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NCERT Class 11th History chapter 9 The Industrial Revolution Notes by Vibha Maam CBSE | English

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This post is the precise notes of NCERT class 11 history chapter 9 Notes by Vibha Maam.

The Industrial Revolution 

     First industrial revolution occurred in Britain between 1780 and 1850s.The phase of industrial development in Britain is strongly associated with the new machinery and technologies. Steam was used to begin on a wide scale in British industries.

     Many of the inventors and businessmen who brought revolution were often neither personally wealthy nor educated in basic science.

     Industrialization led the country to prosperity. The term ‘Industrial Revolution’ was used by European scholars- George Michelet in France and Friedrich Engels in Germany.

Why Britain?

     England, Wales and Scotland unified as a Britain. It was a monarchy. There were no taxes on goods, that’s why prices of goods were not increasing.

     In the 17th century, money was used as a medium of exchange. In18th century agricultural revolution occurred.

     Big landowners had brought up small farms near their fields and increased food production. This forced landless farmers to search for jobs in the towns.


Towns, Trade and Finance

     Many towns in Europe were growing in area and population from the 18th century. London was the greatest one.

     London replaced Amsterdam as the source of loans for international trade. London also became a triangular trade center of England, Africa and West Indies.The offices of trading companies of America and Asia were London.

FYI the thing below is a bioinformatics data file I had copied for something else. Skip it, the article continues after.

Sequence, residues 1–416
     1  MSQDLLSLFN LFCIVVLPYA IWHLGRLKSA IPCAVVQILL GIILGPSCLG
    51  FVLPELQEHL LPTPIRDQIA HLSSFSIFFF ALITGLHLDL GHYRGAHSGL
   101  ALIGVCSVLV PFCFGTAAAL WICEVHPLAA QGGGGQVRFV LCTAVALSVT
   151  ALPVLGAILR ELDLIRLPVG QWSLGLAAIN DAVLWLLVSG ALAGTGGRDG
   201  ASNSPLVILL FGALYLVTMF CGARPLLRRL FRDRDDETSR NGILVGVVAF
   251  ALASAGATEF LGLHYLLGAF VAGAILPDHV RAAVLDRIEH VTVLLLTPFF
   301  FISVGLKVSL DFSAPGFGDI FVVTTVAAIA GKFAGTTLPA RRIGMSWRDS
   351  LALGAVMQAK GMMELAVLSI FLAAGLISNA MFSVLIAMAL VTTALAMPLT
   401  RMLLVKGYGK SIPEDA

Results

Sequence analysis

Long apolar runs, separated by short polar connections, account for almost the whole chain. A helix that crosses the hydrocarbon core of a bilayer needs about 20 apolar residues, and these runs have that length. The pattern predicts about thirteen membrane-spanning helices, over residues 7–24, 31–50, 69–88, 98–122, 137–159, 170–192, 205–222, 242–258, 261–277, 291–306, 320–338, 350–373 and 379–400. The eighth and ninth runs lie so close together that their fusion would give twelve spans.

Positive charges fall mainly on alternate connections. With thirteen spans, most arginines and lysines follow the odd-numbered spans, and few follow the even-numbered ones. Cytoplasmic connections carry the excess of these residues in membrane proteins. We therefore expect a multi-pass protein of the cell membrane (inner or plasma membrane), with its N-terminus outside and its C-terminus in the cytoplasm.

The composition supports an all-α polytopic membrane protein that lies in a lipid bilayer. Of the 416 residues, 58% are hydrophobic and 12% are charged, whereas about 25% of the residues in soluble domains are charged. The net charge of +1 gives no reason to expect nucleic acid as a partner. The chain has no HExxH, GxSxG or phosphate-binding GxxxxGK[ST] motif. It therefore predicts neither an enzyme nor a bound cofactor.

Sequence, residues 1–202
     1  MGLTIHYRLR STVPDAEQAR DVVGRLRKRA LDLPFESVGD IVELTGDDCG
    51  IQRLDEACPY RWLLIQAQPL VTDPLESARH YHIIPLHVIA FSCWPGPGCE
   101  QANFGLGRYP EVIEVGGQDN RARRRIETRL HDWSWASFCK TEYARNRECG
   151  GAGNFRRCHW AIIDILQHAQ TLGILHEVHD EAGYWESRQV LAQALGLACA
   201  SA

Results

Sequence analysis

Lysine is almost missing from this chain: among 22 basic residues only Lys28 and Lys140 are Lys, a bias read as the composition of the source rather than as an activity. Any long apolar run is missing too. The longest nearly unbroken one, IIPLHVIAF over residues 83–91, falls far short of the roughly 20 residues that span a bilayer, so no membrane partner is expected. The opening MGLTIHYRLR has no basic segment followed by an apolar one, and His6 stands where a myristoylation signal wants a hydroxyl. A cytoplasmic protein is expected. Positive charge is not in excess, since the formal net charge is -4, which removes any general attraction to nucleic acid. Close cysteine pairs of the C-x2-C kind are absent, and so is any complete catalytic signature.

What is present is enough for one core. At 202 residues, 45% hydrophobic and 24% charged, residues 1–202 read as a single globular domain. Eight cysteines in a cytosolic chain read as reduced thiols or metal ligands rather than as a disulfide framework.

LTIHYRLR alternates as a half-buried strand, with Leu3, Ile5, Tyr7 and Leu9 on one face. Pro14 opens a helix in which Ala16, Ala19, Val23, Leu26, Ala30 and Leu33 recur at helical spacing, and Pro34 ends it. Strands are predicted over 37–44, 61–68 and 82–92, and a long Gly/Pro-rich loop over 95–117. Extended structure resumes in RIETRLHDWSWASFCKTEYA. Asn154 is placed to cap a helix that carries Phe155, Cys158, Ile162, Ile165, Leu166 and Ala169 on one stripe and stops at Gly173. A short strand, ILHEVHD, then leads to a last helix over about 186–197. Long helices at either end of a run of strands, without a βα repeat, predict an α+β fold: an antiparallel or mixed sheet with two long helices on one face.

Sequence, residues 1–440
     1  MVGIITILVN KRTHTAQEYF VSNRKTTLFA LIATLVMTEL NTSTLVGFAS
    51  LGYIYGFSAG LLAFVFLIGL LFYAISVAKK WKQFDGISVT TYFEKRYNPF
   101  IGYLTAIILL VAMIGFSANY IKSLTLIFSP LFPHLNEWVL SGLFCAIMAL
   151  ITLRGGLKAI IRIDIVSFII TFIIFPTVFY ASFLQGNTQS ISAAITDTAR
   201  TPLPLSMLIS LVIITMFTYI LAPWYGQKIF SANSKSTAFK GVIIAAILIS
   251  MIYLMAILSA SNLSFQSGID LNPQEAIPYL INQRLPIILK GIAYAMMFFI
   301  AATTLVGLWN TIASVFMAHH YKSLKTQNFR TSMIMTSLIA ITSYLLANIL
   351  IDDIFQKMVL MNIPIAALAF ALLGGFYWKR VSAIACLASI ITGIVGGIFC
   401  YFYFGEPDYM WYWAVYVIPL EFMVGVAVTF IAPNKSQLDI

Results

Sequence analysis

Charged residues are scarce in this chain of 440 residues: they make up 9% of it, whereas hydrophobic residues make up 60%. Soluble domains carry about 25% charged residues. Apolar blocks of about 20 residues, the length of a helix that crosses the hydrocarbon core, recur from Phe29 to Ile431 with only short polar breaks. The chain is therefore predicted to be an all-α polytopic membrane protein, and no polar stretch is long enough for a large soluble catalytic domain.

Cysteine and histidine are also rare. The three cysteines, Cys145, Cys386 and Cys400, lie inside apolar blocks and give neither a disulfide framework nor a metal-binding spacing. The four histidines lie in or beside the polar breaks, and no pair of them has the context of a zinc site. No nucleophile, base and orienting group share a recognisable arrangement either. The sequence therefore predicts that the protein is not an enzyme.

Good network of rivers and indented (zig-zag) coastline, movement of goods made possible through water transports. water transport was cheaper and faster than other means until the spread of the railway. Cargo was easily transferred to coastal ships(coasters).

     The Bank of England (1694) was the main financial system of the country. There were more than 600 banks in the provinces and over 100 banks in London alone. Many poor people from the villages were able to work in towns, whereas banks gave loans money to set up large industries and good transportation. A range of technical changes and construction of railways increased production levels dramatically.


Coal and Iron

  • Coal and iron ore was founded in England. However, until the 18th century. There was scarcity of usable iron because charcoal was used for smelting iron. Its impurities produced poor quality iron. It could not generate high temperatures.
  • Abraham Darby brought a revolution in the metallurgical industry.
  • The invention was a blast furnace that would use coke derived from coal by removing the sulphur and impurities.
  • The second Darby developed wrought iron from pig iron. Henry Cort designed the pudding furnace and the rolling mill, which used steam power to roll purified iron into bars. The durability of iron made it a better material than wood.
  • John Wilkinson made the first iron chair, vats and distilleries and iron pipes.
  • The third Darby built the first iron bridge in the world. For the water supply of Paris, Wilkinson used cast iron for the first time to make water pipes.
  • The iron industry then came to be concentrated in specific regions as integrated units of coal mining and iron smelting. Since the coal fields were near the coast, shipbuilding increased.
  • The product of the British was the cheapest in Europe; Britain was smelting more iron than the rest of the world put together.


Cotton spinning and Weaving

     The British had always woven cloth out of wool and flax. Cotton clothes had been imported from India. After controlling India by East India Company, raw cotton began to be imported which could be spun into cloth in England.

     Till the early eighteenth century, spinning had been a slow process but invention of technologies had given the great pace of the cotton industry. This industry had two features which were also seen in other industries. Raw cotton had to be entirely imported and a large part of Britain could retain control over the source of raw cotton as well as the markets.


Steam Power